For Sunday, December 20, 2015, 4th Sunday of Advent

Painting of Jump For Joy-Mary and Elizabeth by Corby Eisbacher, https://www.etsy.com/shop/ArtByCorby.

The woman had a frantic look in her eye. Her hands were continually measuring out six-inch stretches of sheet on her hospital bed. She would glance at the clock. Then her eyes moved to the window and back to my face. “How can you be so calm?” she asked in a tight voice. I asked her how long she had been in the hospital. “Ever since Thanksgiving and they still can’t find the problem.” I took her hand. It was so cold. She started crying. “My Thanksgiving decorations are still up.” Her grip tightened. “I haven’t anything started for Christmas yet.” More tears. I put my arm around her and she sobbed. This grandma was inconsolable. From the number of cards around the room and the bouquet of roses on her stand, it was quite evident that she was loved for herself rather than the perfect Christmas she wanted to pull off. If she could only realize it.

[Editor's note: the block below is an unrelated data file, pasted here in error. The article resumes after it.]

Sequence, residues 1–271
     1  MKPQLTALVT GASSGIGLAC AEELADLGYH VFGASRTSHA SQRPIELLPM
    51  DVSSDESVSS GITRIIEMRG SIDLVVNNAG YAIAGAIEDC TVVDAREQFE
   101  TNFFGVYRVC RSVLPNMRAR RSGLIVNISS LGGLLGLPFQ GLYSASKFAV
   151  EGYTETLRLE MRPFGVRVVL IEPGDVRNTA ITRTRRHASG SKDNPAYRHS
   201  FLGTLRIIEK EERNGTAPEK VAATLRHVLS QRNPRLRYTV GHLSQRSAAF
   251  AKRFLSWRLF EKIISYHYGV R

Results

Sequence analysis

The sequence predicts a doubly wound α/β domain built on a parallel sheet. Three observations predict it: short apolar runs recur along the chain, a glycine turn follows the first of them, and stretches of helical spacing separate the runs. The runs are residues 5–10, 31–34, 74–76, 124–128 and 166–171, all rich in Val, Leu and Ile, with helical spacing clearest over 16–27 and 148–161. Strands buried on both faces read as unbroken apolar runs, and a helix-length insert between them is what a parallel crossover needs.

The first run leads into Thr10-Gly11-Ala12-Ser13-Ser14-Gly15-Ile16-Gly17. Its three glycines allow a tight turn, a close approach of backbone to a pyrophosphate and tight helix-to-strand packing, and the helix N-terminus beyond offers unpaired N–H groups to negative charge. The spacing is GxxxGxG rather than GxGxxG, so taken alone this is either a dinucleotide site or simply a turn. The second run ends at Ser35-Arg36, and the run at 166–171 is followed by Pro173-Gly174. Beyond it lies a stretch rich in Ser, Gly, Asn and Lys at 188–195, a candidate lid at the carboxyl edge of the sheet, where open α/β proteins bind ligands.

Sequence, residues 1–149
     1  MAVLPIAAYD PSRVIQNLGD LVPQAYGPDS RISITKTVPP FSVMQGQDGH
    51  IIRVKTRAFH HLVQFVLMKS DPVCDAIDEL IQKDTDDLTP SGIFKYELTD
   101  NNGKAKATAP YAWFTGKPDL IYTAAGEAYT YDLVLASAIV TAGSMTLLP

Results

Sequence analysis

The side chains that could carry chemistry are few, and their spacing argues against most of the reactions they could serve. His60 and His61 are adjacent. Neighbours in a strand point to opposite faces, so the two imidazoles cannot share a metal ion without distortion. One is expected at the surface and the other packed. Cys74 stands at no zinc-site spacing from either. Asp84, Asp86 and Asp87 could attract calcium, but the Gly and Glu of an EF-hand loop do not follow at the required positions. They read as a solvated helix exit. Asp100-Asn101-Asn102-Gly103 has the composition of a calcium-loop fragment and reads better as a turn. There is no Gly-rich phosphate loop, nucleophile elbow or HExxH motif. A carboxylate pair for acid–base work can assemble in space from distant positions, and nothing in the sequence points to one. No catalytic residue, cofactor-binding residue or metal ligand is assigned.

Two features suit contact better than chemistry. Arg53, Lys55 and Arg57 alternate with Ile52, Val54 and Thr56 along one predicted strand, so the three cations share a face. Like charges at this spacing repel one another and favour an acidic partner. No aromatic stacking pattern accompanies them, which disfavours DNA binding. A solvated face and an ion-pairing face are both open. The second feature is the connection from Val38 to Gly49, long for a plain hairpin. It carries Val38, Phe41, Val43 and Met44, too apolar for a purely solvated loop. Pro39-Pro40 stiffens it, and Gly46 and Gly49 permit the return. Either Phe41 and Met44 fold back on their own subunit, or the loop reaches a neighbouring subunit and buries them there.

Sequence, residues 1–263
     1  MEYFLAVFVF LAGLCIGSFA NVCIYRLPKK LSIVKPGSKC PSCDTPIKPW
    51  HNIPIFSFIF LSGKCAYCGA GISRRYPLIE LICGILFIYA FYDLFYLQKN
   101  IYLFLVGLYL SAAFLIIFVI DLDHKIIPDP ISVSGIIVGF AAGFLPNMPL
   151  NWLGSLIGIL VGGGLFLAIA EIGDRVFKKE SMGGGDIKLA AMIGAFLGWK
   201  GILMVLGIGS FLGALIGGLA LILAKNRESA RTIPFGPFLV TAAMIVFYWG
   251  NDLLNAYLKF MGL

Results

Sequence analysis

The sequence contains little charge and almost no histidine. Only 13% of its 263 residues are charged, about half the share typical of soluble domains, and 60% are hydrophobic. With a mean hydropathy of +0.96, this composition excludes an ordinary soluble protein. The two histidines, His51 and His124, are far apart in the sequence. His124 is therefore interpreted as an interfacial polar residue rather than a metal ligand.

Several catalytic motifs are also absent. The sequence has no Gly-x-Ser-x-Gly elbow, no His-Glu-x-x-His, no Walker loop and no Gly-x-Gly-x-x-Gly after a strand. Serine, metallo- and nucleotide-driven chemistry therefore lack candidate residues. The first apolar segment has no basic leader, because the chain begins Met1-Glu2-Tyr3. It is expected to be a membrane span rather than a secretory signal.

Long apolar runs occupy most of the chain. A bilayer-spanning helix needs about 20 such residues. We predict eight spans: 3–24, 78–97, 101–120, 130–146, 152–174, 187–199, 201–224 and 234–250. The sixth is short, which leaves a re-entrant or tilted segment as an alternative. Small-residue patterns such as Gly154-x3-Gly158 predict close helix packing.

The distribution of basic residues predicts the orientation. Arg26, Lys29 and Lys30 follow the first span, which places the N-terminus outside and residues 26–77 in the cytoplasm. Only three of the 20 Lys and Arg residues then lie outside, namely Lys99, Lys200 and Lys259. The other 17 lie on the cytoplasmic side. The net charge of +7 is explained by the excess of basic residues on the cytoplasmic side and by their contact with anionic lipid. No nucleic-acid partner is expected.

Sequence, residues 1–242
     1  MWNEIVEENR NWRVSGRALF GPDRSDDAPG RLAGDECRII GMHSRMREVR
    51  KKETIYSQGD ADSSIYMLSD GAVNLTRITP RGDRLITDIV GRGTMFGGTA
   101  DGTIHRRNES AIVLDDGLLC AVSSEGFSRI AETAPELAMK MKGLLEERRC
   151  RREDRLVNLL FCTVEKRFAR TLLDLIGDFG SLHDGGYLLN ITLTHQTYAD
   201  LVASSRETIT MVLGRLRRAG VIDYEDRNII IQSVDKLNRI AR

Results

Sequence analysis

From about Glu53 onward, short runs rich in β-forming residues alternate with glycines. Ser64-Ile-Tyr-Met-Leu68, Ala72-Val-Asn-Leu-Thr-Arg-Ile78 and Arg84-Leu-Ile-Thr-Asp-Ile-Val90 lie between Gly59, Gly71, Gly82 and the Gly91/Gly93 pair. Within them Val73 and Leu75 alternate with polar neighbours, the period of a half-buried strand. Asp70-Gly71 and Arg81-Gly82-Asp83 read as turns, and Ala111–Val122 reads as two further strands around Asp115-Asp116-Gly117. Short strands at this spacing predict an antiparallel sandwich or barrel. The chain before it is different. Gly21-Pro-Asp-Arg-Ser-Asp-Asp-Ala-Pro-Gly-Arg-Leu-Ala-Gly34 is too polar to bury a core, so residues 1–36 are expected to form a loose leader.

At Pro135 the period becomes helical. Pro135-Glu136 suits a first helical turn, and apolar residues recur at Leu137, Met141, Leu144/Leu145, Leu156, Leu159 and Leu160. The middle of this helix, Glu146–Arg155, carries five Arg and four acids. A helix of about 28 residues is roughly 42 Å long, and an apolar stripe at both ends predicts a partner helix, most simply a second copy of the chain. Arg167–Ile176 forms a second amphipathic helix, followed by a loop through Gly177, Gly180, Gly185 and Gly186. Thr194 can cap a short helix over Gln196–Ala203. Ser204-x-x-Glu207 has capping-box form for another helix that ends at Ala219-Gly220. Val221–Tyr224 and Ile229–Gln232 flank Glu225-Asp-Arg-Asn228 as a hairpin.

That word “frantic” fits much of the activity in this last week before Christmas. There are even hints of it in Luke’s Gospel. “Mary set out and traveled… in haste” (emphasis added). Mary’s travel wasn’t because of a compulsion to pull off the perfect visit to her elderly cousin. Mary’s urgency was the deep and tremendous drive to share the greatest good news this earth has ever heard! The Messiah is coming! And then, the even more unbelievable news, God has chosen me to be his mother! Mary must have danced all the way from Nazareth to Ein Karem. Danced and sang! Smiled and skipped with joy! Laughter must have just bubbled out of her! Her traveling partners probably put their heads together and speculated that she was in love! Her sparkling eyes told it all.